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Lee Boxell: New appeal on anniversary of 1988 missing-boy case

Lee Boxell Image copyright Met Police
Image caption Lee Boxell went missing on 10 September 1988, at the age of 15

The father of a teenager who went missing 30 years ago has pleaded with the public to end his "limbo" and help reveal if the boy was murdered or is still living.

It was feared Lee Boxell, 15, may have been killed after witnessing child abuse at a teenagers' hangout near his home in Sutton, south-west London.

Monday marks 30 years since he went missing on 10 September 1988.

Lee's father Peter has issued a fresh appeal through charity Missing People.

Image caption Peter Boxell has issued a fresh appeal through charity Missing People

"I have been living in limbo for 30 years, not knowing if he is alive, safe and well, or if he was murdered," Mr Boxell said.

"I am almost 72 now and do not want my life to end without discovering what happened to my son."

Scotland Yard said its officers were pursuing a new line of enquiry following fresh information, although there have been no new arrests.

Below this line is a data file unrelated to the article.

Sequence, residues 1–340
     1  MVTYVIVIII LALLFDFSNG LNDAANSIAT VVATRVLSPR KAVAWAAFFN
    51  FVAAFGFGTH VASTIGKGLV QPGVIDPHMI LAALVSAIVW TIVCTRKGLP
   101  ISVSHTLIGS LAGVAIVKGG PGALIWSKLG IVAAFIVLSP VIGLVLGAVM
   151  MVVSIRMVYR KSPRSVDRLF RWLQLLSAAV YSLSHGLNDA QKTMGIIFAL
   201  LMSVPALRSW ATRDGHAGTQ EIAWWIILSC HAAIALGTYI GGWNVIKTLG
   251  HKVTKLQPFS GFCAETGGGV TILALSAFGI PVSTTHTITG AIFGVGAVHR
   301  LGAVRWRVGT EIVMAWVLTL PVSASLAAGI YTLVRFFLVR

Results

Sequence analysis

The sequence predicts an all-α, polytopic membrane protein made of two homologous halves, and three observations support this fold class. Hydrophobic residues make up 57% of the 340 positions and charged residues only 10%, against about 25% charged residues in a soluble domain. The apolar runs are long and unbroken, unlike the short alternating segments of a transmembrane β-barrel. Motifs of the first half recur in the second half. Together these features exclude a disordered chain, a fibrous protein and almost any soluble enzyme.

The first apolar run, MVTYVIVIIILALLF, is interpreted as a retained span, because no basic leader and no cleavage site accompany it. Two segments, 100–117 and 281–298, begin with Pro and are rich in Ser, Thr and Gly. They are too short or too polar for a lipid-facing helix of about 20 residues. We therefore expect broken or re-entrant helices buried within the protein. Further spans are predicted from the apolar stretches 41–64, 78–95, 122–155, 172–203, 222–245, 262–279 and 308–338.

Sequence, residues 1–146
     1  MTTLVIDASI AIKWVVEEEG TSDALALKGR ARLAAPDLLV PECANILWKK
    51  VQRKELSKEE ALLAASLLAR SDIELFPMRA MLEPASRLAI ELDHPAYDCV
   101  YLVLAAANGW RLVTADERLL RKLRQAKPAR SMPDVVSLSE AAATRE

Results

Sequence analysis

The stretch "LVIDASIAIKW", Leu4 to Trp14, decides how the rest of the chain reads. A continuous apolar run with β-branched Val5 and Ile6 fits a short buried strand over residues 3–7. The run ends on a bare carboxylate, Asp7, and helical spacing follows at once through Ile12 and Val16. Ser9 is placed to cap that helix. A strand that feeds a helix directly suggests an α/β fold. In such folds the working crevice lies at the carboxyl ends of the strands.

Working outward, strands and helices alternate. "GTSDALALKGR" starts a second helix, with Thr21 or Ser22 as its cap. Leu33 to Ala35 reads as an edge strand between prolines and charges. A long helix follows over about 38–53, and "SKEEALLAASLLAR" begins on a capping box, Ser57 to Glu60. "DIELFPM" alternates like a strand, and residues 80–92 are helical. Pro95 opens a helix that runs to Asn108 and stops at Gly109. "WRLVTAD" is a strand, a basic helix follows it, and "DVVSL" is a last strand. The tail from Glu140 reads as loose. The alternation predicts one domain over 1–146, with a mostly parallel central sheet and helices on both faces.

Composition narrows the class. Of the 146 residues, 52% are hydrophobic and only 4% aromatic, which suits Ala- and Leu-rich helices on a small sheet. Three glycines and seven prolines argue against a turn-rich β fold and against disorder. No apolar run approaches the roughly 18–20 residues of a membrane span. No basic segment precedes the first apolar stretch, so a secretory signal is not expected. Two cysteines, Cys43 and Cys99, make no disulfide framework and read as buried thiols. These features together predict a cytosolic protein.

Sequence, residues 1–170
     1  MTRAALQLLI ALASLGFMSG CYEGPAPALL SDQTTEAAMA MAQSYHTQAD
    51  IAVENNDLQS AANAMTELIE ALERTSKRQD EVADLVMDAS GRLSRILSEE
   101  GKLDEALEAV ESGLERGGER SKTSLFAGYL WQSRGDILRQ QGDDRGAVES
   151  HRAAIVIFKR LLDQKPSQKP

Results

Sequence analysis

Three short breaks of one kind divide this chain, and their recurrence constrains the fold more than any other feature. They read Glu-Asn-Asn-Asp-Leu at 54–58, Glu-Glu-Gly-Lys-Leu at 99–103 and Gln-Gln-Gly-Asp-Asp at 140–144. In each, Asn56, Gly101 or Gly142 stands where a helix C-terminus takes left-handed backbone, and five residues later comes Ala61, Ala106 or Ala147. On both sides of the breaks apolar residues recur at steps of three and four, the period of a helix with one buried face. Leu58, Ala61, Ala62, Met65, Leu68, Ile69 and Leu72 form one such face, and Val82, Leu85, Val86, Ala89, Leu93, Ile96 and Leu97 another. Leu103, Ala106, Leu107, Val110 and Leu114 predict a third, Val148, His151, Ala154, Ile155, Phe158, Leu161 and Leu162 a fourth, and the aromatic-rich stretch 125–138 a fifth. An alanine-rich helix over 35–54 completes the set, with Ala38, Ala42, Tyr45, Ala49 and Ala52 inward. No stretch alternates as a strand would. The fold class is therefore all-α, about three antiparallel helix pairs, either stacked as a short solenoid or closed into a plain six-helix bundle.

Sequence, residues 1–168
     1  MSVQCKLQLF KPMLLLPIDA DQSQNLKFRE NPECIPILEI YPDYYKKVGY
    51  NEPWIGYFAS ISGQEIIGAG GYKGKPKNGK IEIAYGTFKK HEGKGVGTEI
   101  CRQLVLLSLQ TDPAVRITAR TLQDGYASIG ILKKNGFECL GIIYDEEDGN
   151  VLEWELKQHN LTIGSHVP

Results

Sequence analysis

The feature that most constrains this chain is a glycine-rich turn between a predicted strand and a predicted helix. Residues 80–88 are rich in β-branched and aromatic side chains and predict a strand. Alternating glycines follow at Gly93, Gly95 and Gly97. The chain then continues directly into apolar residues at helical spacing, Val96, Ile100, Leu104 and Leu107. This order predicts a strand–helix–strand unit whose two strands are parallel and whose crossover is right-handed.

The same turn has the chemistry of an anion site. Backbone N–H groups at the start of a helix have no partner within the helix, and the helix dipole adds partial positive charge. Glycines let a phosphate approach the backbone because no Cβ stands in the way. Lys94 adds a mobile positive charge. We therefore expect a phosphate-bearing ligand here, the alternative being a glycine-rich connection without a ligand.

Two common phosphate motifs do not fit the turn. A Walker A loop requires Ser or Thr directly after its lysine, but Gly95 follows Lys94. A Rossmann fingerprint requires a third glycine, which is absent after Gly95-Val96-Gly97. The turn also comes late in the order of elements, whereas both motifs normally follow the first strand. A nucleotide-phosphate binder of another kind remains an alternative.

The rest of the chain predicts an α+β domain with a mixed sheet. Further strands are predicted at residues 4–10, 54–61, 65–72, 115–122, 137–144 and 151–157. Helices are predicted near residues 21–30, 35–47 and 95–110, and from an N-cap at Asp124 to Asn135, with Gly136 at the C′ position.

Some 24 years after he went missing, police learned Lee used to visit an outbuilding at St Dunstan's Church dubbed "the Shed", a gathering place for teenagers that was targeted by a number of sexual predators.

It is possible that he had gone there to meet friends on the day he went missing.

Image copyright Met Police
Image caption Lee may have been the victim of sexual assault

In 2013, the Met carried out its longest ever forensic archaeological dig. Officers spent a year excavating St Dunstan's churchyard but nothing was found.

The following year, three men aged between 41 and 78 were arrested on suspicion of Lee's murder, conspiracy to pervert justice, and indecency with children.

A woman, 42, was arrested on suspicion of conspiracy to pervert justice and indecency with children. All were released without charge.

Mr Boxell and his wife Christine, of Cheam, south London, have kept Lee's bedroom just as it was when they last saw him.

Image caption Officers spent a year excavating St Dunstan's churchyard but nothing was ever found

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